Russia-Iran Cooperation: History, Current Status & Perspectives
In today’s world, energy is a vital factor for the development of the global economy and international cooperation – the energy market and diplomacy could both be used as efficient instruments of foreign policy.
On one hand, the energy industry plays a positive role of integrator between different countries and regions, and on the other hand, energy resources can also be the reason for disputes between the various parties.
Russia is an observer-state within OPEC, where Iran is one of the most influential members and players. At the same time, Iran and Russia are both members of the Forum of Gas-exporting countries, being number 1 and 2 in the world in terms of gas reserves.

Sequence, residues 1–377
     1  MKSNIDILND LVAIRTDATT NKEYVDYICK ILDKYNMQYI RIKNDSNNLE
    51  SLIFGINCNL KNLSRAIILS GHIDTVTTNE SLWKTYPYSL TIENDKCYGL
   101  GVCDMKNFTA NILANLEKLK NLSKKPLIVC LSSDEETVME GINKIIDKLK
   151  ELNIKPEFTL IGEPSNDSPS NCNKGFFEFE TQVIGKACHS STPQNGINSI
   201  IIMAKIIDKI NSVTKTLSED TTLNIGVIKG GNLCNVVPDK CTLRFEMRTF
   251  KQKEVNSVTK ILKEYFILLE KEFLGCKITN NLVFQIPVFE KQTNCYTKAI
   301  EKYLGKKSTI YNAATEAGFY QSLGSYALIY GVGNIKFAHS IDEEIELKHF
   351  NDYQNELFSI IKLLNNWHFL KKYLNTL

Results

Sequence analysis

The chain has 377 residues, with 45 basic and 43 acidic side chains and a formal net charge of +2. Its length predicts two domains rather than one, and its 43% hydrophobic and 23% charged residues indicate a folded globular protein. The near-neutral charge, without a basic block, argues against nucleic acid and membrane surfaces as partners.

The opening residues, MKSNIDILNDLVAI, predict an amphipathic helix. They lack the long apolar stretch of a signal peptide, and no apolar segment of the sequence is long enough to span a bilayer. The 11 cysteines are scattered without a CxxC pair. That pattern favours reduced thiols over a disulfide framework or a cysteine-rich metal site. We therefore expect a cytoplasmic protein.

The energy industry is a locomotive for both Russian and Iranian economies because it drives all other industries forward and supplies state treasury with needed funds for the economy. If any agreements between these countries come into force, they inevitably bring together other economic conventions. Russia is considered the most serious partner for Iran in its drive to implement its nuclear programme.
O&G resources in Russia and Iran could be looked upon as a guarantee of global energy security system – considering the fact that 40% of crude produced in the world is transported via the Strait of Hormuz, controlled by Iran – making Iran without doubt interested in the stability of the region and the industry in general.
O&G resources in Russia and Iran could be looked upon as a guarantee of global energy security system
Areas of Cooperation:
- Joint development of O&G fields (mostly in Iran)
- Transportation (pipeline & marine)
- Trade agreements in energy & other sectors
- Renewables (has a large potential for both countries)